Growth potential

Growth potential

But recognising significant growth potential, the Roes’ energy operation did not end there: In 2012 they increased their grid export connection from 1.1MW to 2MW and in 2013 invested further in another 2MW combined heat and power unit taking their capacity up to 3.8MW.


They then bought a gas-to-grid plant which went live in May 2015, meaning they now have the potential to generate 3.2MW of electricity and 1,200cu.m of gas for the grid. To achieve this, they now

Farm facts

  • Family farm of 158ha at Cannington, Somerset
  • Diversified into cold storage following move out of potatoes in late-1990s
  • Commissioned first AD plant in 2009 to safeguard against rising energy prices
  • Added a 6.8MW plant and increased grid export connection from 1.1MW to 2MW
  • Invested in a further 2MW combined heat and power unit in 2013
  • Purchased a gas-to-grid plant which went live in 2015

use about 60,000-65,000t of food waste per year, but with sources of additional waste material increasingly difficult to find they have forged contract agreements with a number of local farmers to supply a range of biogas crops. “At today’s prices, wheat is hardly tenable on a farm the size of ours, so it makes sense for us – and many local farmers – to look at energy crops which can provide a more stable and tenable income,” says Mr Roe.

Energy beet

In 2015 they ensiled 263ha of maize – much of which was contract-grown and stored locally – and for the first time, specialist energy beet across a total of 182ha.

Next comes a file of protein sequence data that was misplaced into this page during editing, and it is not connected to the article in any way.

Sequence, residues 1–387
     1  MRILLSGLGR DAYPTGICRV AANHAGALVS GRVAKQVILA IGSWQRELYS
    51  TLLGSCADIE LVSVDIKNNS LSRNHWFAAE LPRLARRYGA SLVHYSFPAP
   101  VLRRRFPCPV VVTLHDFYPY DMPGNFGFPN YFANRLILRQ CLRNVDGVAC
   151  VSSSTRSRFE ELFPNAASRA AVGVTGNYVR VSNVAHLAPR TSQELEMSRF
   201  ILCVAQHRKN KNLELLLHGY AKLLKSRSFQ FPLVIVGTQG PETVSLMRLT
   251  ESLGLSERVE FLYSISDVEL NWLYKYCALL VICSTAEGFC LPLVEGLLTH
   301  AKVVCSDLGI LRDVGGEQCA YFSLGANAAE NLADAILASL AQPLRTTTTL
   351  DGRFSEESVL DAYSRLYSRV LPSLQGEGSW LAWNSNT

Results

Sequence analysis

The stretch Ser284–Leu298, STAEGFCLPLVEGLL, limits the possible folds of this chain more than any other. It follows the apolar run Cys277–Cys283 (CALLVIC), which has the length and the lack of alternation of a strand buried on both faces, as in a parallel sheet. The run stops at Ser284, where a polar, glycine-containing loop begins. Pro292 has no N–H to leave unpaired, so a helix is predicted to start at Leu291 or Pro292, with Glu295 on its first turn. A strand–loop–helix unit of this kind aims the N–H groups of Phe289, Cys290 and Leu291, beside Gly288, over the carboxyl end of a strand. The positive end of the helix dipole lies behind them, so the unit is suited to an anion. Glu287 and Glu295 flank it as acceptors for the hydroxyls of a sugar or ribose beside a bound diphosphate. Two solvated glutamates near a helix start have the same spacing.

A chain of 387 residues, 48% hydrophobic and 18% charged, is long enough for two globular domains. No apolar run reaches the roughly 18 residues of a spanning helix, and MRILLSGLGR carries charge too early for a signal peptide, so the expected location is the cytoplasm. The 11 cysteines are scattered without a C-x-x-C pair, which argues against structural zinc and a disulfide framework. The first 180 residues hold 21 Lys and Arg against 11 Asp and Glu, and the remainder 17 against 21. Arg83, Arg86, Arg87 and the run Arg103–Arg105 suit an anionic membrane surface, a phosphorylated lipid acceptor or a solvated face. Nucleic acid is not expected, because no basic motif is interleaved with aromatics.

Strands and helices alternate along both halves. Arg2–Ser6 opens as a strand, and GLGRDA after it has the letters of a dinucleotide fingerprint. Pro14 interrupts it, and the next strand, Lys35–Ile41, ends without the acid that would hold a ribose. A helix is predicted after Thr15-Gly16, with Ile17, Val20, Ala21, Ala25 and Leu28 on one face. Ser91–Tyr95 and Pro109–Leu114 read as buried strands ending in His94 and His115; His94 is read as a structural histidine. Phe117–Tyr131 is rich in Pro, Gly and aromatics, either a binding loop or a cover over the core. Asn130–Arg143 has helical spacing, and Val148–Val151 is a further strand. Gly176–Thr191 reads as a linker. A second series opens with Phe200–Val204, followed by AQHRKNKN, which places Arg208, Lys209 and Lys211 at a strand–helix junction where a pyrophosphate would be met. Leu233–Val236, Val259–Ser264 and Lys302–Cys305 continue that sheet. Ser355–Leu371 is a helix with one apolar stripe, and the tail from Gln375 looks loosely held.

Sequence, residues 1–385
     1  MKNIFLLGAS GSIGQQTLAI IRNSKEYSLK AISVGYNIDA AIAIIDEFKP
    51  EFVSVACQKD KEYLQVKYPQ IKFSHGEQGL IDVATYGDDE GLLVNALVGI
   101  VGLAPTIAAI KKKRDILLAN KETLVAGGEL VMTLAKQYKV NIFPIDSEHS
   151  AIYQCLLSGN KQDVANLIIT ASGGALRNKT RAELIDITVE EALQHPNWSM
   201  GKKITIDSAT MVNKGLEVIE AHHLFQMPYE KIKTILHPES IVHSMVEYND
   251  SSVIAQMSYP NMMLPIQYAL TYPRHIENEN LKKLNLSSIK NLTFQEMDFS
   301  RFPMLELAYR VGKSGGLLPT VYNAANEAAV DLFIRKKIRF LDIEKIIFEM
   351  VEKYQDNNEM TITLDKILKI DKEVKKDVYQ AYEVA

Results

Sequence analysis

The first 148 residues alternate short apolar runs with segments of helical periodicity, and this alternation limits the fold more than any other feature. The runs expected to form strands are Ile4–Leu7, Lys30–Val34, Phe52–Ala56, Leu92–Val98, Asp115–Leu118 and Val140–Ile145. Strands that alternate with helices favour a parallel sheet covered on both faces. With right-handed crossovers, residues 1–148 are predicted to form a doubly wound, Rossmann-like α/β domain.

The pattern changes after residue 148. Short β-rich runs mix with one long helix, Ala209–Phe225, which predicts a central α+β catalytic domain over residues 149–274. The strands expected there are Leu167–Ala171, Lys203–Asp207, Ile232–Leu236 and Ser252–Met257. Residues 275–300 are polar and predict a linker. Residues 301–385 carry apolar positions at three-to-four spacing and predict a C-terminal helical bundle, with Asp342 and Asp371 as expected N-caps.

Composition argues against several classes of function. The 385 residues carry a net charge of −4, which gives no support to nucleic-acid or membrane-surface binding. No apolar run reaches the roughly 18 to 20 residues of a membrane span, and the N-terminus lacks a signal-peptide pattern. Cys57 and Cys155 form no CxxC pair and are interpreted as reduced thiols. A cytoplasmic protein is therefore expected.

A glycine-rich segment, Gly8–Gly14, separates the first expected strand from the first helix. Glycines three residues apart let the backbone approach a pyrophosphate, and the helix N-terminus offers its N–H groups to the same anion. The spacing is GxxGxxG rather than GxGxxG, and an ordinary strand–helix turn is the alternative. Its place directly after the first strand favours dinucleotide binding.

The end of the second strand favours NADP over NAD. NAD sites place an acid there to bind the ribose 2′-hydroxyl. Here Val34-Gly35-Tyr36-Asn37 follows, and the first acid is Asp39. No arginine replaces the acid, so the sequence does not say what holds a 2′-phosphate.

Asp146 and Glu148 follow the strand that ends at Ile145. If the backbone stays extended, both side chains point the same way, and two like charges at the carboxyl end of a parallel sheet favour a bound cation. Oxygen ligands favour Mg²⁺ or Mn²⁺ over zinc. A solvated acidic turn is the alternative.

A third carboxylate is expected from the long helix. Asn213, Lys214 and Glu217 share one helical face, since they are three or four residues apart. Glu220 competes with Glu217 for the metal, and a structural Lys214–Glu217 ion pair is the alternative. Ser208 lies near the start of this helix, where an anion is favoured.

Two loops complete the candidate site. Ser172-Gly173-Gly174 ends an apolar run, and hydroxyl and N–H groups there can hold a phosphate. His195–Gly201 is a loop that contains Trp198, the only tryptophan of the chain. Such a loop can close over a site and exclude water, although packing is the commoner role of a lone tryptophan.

“There are a number of good reasons for switching from maize to energy beet,” says Mr Roe.


“First and foremost, it helps reduce waste in the plant.


“Ultimately, when we remove the packaging from the food waste, a small quantity of plastic gets into the biodigester tanks.


“Where we use juice co-fed into the AD plant with maize, the ‘non-digestible’ material left after 80-90 days, forms a fibrous mix with this plastic, which at the final screening process is difficult to reclaim and can only be sent to RDF refuse or landfill.


“With beet, there’s virtually no fibrous material left and more of the biomass can be utilised to generate power. As a result, we have little waste to reclaim and that’s a big saving in terms of disposal headaches and costs.


“While most farmers will be looking at revenue per hectare, we focus on returns per cubic metre of the digester space we have invested in.


“While maize and beet may both cost about £30/t to produce, it takes at least twice the length of time in the biodigester to extract the same level of gas from maize compared to energy beet,” he says.


In practice, energy beet delivers about 160-180cu.m of gas/t over a 40-day dwell time in the digester. Maize, in comparison delivers 220cu.m of gas/t, but over a longer, 90- day period.


“We’ve also found that with maize you’ll only ever produce 16-18t/acre, but with beet, 30t/acre is possible.”


But the benefits do not stop there.